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Friday, February 26, 2016

Beogram 4000: Replacing a Broken MMC Cartridge Mount with a 3D Printed Replacement Assembly

The first item to address in the Beogram 4000 that I recently received for a restoration was the broken cartridge mount. Here is a picture of the mount:
As in so many 4000s the plastic tab broke off. In this case the Beogram came with a 4002 arm installed that also has a damaged mount, and the original 4000 arm came along separated. Per customer instructions the 4002 arm was to be removed and be replaced with the original arm with a working MMC mount.
I decided to make this the first Beogram that I would outfit with my recently developed 3D printed replacement MMC mount. Sonavor's (Beoworld) reports about implanting one of them successfully into his own Beogram 4000 and using it for some time now without issues made me confident that this design may indeed be ready for primetime. So, in a way this post is a conclusion to my previous posts about the development process of the MMC mount replacement that can be found here and here.
I started out by assembling a replacement mount. This shows the 3D printed MMC mount body with the attached flex PCB that supplies the electrical contact terminals for the cartridge coils:
The next step was to get the damaged mount out of the original 4000 tonearm. They are glued into the aluminum tube, but this rule can be loosened in a boiling water bath:
After heating it for a few minutes (typically until the end of the aluminum tube becomes too hot to touch it comfortably) I put it into ice water for a few minutes. The I pushed the mount out with a metal rod. If you do this at home, be careful to not damage the wires in the tube. I bundle them neatly to one side and then carefully insert the rod (which is protected at the end with a bit of shrink tube to lessen the impact on potentially clamped in-between wires) and then slowly push the mount out:
This shows the two plastic parts separated with the original flex PCB separated:
this shows the original PCB in detail. Two of the contact points were already broken out:
I unsoldered the wires and put them onto the new mount in the same order. Then it was time to insert the new mount into the arm. Per Sonavor's recommendation I used Alene's Tacky Glue. This glue has the advantage that it can be overcome in case the mount needs to be replaced a second time in the future.
I found it a good idea to use a (broken..;-) cartridge to push the mount into the arm, since it needs to be a bit recessed to allow for the metal body of the cartridge to enter the arm by about 0.5 mm. This makes sure that the mount is just far enough back to ensure that there is no gap between arm and cartridge.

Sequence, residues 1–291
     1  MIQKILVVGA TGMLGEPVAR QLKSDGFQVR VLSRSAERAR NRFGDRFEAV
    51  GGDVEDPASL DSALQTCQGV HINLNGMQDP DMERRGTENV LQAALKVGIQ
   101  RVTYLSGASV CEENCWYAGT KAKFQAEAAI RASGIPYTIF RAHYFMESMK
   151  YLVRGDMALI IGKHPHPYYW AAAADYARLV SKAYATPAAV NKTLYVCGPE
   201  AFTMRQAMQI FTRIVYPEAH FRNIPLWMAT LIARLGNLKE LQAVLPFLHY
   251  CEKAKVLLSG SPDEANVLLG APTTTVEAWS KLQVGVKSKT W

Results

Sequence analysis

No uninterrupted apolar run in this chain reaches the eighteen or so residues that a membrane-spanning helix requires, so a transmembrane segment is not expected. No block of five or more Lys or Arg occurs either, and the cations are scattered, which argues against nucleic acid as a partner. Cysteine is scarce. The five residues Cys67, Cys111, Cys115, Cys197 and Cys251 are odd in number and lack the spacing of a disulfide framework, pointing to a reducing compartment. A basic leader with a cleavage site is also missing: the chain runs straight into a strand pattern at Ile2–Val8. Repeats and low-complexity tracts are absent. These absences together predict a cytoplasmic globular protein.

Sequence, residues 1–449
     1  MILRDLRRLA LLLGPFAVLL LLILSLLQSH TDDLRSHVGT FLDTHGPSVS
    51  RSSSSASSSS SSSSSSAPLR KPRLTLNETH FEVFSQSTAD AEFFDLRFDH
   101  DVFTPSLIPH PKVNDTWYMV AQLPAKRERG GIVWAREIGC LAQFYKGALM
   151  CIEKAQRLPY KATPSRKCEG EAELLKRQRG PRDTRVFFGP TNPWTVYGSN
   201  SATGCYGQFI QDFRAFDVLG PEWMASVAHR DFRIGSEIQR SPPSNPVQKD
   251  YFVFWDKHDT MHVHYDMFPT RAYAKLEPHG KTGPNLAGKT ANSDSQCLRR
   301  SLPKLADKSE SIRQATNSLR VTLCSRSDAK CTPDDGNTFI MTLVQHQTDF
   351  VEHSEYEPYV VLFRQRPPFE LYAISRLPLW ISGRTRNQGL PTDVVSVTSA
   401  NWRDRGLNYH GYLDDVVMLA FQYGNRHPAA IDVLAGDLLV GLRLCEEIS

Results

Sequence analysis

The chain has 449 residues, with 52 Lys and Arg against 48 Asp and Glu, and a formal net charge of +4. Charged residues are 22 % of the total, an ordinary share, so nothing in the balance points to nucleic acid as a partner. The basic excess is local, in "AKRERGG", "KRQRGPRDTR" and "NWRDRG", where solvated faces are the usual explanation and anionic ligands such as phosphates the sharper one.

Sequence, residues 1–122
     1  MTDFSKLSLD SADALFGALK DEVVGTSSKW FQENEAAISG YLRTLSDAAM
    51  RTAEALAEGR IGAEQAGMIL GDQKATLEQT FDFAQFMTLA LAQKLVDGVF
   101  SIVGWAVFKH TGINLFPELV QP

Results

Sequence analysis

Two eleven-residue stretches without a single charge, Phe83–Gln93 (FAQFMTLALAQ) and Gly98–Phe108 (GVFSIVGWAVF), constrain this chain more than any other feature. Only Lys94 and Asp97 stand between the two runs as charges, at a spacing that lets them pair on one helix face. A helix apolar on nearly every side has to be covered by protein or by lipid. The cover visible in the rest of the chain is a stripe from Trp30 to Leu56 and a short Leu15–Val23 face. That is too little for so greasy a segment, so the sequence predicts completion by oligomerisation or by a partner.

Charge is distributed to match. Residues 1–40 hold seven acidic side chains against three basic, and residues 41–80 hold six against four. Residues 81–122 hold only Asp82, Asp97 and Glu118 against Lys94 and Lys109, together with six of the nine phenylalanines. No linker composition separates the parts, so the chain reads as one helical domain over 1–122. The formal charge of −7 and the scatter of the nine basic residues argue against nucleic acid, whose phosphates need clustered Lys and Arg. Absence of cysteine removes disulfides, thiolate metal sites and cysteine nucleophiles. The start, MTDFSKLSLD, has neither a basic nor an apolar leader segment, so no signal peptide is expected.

Now it was time to take the 4002 arm out to get things prepared for installing the repaired original 4000 arm. The first step is to remove the sole screw that holds the arm in place:
After removing the screw one can carefully pull the arm forward a bit to reveal the mounting tab that is underneath:
This tab is connected to an excenter (for adjusting the arm position on its mounting fixture) that has a spring on its actuator to hold the tab up:
Then I was able to pull the arm out to reveal the connecting PCB that is inside the arm. First, however I encountered a leaf spring that stiffens this setup a bit:
After taking it out the PCB was revealed:
Now it was time to remove the jumper wires that connect to the cartridge. I first unsoldered the grey grounding wire (one needs to be careful to not accidentally also remove the very fine 'magnet wire' that makes the connection through the lateral arm pivot):
The signal wires that connect to the coils are attached to both the top and the bottom of the PCB. That makes it slightly more interesting to remove them:
Using a mirror is helpful to remove the bottom ones (white and red). And then the arm was liberated:
The installation of the original 4000 arm followed the above steps in reverse. A bit of practice may be needed to re-solder the bottom connections. However, it can be done fairly straight forward with a mirror.
Before I can try the new mount out I will need to get the rest of the deck going. On to rebuilding the arm lowering and tracking systems!


















1 comment:

  1. Hi, can I buy a 3d printed mount? I have the same fault with my 4000

    ReplyDelete

Comments and suggestions are welcome!